A deep rooted issue
With many initiatives to bring women into the field and increasing numbers of women STEM graduates, the retention rate remains at the forefront of issues in this lack of diversity. The quit rate for women is over twice that of men in the technology industry (NCWIT)
. Why? USA Today reports that “Toxic workplaces — where harassment, stereotyping and bullying occur — are driving away women and people of color, undercutting technology companies' efforts to increase diversity and costing an estimated $16 billion a year.” Not only does this alarming trend present a clear disadvantage for women, but tech companies themselves are also losing profits. This pervasive inequality requires reformation beyond simply increasing recruitment efforts or quotas for women.
Our work to close the tech gender gap so far
At Le Wagon, our mission is to teach tech skills to all. And for us to fulfill this mission, we believe that gender parity is essential. Since our Montréal launch in 2017, we have steadily increased the number of women in our bootcamp cohorts from 11% to 50%+. But in addition to recruiting more women for our programs, we are also tackling the retention problem in the best way we know how - by creating and contributing to a supportive community of women in tech.
Having women mentors, role-models, and colleagues creates better company cultures and a space to both express and resolve concerns, addressing the currently elevated quit rate.
The status of women in data
As Le Wagon launches its new Data Science bootcamp, we look to bring our same gender parity efforts to the data community. In 2020, Burtch Works recruitment agency found that just 18% of data scientists are women
. The inequality issue begins in university and increases with specialization, according to a recent study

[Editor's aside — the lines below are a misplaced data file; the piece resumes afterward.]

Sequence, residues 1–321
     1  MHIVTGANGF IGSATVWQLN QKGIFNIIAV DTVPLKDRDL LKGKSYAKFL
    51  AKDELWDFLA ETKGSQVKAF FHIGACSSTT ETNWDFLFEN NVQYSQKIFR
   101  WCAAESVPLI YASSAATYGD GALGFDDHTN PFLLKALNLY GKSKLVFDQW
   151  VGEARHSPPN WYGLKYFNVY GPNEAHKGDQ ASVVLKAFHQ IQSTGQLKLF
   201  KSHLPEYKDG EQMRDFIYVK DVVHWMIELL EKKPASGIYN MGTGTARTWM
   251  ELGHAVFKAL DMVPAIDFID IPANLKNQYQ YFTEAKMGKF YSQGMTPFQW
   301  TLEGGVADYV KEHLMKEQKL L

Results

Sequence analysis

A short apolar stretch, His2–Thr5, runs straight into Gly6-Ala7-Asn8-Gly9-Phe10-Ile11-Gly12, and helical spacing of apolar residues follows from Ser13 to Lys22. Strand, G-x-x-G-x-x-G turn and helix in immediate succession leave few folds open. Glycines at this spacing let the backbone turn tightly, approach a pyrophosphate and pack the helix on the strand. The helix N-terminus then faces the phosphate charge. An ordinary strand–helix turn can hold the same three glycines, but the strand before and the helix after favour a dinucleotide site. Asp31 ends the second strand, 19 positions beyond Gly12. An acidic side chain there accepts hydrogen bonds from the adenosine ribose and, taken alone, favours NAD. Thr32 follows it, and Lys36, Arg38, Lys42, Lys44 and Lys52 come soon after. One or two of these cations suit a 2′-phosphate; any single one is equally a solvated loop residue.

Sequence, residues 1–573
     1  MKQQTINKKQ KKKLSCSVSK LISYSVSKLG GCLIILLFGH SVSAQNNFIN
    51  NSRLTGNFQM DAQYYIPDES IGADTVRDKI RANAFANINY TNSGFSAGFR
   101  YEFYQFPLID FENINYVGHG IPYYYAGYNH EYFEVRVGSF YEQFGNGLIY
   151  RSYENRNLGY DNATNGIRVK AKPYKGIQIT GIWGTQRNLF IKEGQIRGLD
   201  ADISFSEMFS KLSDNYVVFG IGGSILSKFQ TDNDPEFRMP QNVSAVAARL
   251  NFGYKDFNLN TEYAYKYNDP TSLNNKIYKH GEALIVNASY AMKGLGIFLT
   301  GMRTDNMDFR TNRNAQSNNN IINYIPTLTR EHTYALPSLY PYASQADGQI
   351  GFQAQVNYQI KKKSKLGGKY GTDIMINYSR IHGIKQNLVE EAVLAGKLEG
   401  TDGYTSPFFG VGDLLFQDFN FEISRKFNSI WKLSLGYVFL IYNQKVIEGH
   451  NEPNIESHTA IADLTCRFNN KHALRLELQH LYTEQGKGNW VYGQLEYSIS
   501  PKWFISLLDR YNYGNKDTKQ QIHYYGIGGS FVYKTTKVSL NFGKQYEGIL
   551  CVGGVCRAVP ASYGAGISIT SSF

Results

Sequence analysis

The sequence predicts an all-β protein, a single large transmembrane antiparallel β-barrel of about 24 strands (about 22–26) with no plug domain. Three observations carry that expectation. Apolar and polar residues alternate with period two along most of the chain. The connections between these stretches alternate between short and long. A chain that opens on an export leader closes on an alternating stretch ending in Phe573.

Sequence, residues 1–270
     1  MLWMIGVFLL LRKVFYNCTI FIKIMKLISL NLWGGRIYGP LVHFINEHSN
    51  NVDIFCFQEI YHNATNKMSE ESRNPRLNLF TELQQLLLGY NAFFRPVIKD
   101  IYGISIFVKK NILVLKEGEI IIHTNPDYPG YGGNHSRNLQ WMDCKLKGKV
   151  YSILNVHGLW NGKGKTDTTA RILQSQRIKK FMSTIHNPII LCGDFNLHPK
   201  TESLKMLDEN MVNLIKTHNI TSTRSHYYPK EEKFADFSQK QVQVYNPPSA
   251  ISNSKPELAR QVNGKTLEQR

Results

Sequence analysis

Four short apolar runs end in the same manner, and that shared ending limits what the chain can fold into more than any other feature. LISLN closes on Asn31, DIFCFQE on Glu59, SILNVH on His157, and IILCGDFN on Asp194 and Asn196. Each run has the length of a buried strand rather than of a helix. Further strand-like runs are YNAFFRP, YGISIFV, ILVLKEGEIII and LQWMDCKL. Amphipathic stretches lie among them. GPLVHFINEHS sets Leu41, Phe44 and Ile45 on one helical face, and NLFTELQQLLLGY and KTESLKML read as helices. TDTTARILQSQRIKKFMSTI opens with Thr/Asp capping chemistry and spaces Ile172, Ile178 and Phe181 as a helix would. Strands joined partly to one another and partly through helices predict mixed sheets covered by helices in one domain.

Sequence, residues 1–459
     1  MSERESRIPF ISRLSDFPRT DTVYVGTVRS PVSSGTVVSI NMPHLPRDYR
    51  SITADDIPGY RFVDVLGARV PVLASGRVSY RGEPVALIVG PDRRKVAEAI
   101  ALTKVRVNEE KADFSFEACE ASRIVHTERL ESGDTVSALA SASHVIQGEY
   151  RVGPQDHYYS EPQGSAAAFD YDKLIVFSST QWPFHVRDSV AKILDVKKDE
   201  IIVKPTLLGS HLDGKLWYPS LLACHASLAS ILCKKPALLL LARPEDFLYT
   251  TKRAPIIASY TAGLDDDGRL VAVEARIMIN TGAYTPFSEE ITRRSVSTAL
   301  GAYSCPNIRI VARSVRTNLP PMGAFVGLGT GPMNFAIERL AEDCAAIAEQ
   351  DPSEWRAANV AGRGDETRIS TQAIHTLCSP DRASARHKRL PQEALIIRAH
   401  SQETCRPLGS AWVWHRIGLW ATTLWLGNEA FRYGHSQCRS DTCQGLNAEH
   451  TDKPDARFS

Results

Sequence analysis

conducted by BCG.
And women make great data scientists. As explained by Forbes
, “women are more aware of risk… furthermore, women tend to excel at communication, team nurturing, and problem solving (internally and with clients), all of which are necessary qualifications to be a strong CDO or team leader in the field of data.” Yet, the field that the Harvard Business Review
boasted as offering the “sexiest job of the 21st century,” loses 30% of qualified potential candidates in the process of moving from STEM degree holder to data science professional.
Working together for change
To combat these discouraging figures and encourage women in all stages of their careers, groups such as Women in Machine Learning and Data Science (WiMLDS
) and Women in AI (WAI
) work tirelessly to promote women in the field through talks, events, hackathons, and workshops.
Sharing Le Wagon’s global mindset, WiMLDS now runs over 30 chapters around the world and WAI is present in 115 countries.
United by our shared vision of gender parity in data science, we have partnered with WiMLDS Montréal and WAI Montréal to organize Women's Data Days.
Women's Data Days are half-day workshops to encourage women to dive into the field by learning the basics of programming with Python, a popular data science language. It's a great opportunity to get immersed in the daily life of a Data Scientist through concrete business cases using datasets from the real world.
By building an open and inclusive network and encouraging women to enter the tech sphere through free introductory courses we can work towards a diverse and balanced field.
Looking to the future
With plenty of evidence that gender diversity generates more revenue, boosts business performance, and creates more innovative companies, encouraging women to enter and stay in the tech industry clearly benefits all parties. Through active efforts from all tech companies, we have the power to create an inclusive environment and provide the tools women need to thrive - furthering not only their success, but the success of the tech industry as a whole.